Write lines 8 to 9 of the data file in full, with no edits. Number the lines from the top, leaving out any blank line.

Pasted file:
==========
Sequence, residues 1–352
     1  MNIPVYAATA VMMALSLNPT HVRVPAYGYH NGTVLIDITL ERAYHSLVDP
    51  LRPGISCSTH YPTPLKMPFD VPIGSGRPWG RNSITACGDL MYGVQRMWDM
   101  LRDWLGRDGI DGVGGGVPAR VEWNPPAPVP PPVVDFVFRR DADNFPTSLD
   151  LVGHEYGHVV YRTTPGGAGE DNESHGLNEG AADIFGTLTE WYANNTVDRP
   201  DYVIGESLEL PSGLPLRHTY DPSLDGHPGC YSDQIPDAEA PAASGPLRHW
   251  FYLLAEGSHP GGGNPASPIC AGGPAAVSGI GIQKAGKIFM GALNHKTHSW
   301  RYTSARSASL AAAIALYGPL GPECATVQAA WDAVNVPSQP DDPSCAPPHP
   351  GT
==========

   301  RYTSARSASL AAAIALYGPL GPECATVQAA WDAVNVPSQP DDPSCAPPHP
   351  GT